ANKARA (Reuters) - Turkey’s Constitutional Court ruled on Thursday that a more than two-year block on access to online encyclopaedia Wikipedia in the country is a violation of freedom of expression.
The ruling opens the way for lifting the website ban, which has been in place since 2017 due to entries that accused Turkey of having links to terrorist organisations.
On its website, the court said it had ruled “that freedom of expression, which is under the protection of the 26th clause of the Constitution, had been violated.”
Wikimedia Foundation, the nonprofit organisation that hosts Wikipedia, had applied to Turkey’s highest court to challenge the access block.
“One of the sad issues is this: We expressed on every platform since the first day that the process of blocking access to the whole of Wikipedia was unlawful,” Gonenc Gurkaynak, a lawyer representing Wikimedia, wrote on Twitter.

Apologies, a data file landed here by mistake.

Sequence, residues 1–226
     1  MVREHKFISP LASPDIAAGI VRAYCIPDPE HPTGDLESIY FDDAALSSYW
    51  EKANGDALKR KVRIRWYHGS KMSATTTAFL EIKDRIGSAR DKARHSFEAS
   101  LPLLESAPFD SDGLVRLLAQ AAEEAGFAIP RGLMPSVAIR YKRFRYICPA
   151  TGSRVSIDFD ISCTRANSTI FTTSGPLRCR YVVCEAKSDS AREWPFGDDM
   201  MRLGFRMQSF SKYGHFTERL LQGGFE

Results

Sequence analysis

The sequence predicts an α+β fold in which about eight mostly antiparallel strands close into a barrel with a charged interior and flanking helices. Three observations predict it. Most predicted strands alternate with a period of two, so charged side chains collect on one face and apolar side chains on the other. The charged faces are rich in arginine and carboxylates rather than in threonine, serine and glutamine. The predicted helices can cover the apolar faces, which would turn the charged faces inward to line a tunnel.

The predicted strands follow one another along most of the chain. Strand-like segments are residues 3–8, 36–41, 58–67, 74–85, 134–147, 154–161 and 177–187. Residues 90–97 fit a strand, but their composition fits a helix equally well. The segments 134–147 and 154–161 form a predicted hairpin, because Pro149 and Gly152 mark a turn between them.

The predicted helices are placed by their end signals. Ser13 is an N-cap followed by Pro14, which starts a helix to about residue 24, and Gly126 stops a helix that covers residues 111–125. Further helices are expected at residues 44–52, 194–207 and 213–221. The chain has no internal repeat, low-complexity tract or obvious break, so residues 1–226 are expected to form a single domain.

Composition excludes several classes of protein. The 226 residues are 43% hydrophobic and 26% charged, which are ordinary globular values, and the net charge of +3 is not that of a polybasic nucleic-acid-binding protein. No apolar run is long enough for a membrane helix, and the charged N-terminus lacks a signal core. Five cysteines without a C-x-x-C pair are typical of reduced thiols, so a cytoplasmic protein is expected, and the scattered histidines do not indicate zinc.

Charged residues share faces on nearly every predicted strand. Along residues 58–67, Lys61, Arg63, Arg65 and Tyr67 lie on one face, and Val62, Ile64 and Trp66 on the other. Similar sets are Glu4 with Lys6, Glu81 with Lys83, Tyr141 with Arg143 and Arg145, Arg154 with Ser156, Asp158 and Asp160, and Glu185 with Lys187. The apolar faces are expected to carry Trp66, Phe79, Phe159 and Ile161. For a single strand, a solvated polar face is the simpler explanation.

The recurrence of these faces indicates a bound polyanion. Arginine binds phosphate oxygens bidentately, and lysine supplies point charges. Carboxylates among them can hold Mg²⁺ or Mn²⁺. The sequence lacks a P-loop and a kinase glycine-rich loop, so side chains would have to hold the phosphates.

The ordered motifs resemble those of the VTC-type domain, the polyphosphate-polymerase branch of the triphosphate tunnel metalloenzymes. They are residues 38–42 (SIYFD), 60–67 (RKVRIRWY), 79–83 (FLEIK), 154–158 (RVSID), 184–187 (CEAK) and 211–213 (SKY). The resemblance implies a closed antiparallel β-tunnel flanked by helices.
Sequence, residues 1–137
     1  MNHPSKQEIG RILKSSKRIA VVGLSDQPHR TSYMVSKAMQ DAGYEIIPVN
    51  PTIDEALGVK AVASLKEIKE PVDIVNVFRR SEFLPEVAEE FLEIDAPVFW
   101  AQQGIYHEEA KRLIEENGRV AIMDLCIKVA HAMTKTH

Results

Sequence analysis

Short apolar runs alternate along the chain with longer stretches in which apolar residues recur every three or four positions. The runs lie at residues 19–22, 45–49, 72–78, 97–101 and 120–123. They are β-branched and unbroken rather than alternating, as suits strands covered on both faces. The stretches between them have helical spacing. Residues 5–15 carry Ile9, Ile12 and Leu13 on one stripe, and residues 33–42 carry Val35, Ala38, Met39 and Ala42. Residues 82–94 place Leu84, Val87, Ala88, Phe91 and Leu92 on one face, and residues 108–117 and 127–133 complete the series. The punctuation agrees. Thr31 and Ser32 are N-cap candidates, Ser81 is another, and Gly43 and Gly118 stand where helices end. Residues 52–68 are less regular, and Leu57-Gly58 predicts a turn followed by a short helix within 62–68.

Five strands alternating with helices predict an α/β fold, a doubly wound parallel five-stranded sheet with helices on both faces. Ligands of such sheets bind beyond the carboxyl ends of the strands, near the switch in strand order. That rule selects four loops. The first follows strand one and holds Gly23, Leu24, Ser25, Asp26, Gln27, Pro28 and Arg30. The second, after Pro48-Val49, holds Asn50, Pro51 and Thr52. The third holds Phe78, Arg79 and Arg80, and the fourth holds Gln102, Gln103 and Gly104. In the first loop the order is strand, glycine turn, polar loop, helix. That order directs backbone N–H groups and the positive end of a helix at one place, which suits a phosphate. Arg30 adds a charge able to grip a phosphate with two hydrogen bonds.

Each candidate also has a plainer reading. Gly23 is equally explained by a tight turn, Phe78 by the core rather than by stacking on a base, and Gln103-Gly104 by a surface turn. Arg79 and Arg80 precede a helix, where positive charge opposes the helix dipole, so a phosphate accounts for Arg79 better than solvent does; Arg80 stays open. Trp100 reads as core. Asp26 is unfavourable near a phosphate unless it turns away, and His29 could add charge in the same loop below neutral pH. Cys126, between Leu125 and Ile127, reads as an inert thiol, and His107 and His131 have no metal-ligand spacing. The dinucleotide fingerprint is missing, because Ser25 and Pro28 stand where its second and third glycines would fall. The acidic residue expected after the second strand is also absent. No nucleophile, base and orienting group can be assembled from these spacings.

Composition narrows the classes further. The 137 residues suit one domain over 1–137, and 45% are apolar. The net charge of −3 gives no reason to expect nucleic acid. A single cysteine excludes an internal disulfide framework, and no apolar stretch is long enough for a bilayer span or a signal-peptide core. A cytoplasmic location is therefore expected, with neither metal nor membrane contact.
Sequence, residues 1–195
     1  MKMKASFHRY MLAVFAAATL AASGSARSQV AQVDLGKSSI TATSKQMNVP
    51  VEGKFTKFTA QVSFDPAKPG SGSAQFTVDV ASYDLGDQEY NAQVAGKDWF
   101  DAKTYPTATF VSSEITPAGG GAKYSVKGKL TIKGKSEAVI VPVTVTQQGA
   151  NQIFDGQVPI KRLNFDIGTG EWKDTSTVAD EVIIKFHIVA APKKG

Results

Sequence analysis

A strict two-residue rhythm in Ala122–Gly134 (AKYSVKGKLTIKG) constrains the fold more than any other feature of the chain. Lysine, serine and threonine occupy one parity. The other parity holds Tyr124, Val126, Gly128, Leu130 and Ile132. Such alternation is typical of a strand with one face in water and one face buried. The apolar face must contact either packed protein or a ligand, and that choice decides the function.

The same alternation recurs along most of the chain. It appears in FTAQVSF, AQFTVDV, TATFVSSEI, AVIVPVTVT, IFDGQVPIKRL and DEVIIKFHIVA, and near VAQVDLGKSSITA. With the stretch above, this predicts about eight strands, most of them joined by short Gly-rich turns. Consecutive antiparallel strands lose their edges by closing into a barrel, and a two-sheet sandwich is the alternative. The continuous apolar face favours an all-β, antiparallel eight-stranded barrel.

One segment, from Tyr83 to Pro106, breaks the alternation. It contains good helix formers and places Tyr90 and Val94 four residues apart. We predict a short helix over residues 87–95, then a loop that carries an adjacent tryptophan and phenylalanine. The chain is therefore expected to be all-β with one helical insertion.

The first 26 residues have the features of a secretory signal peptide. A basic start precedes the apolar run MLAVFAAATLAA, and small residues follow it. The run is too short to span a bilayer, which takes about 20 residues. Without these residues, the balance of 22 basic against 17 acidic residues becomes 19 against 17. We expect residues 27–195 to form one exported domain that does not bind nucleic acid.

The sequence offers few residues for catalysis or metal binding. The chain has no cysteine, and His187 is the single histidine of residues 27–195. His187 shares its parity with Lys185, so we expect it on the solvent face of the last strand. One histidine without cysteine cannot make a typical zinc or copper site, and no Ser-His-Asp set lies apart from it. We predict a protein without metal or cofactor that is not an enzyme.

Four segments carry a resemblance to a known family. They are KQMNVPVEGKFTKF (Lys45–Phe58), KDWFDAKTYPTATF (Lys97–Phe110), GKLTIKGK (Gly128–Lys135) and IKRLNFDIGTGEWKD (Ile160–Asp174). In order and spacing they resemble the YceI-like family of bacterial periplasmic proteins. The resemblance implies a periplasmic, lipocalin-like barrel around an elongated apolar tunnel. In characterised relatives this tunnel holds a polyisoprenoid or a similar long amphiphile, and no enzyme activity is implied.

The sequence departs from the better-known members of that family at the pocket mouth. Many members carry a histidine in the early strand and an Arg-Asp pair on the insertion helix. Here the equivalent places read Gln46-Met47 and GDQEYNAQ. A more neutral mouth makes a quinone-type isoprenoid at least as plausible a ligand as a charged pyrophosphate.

“Still, we had to drag out the subject by filing a lawsuit both with the (Constitutional Court) and (the European Court of Human Rights) and fight for this issue for years,” he said.
The ruling was passed by a 10-to-six majority in the court, said Yaman Akdeniz, a lawyer who had applied to the court as a user.
Turkey blocked Wikipedia in April 2017 when the telecommunications watchdog cited a law allowing it to ban access to sites deemed obscene or a threat to national security.
The Constitutional Court needs to send a written statement to Turkey’s telecommunication watchdog for the ban to lifted, Akdeniz told Reuters, adding that in the past similar rulings were implemented within 24 hours.
“Legally the (lower) court does not have the right to resist this ruling,” he said. But he added there have been recent examples in which lower courts did not immediately implement the Constitutional Court ruling.
Akdeniz said the articles that led to the ban would remain online.
The independence of Turkey’s judiciary has been hotly debated in recent years, with critics saying court rulings are influenced by politicians. President Tayyip Erdogan and his ruling AK Party deny such claims, saying the judiciary makes its decisions independently.
Reporting by Ali Kucukgocmen and Yesim Dikmen; Writing by Ezgi Erkoyun and Daren Butler; Editing by Jonathan Spicer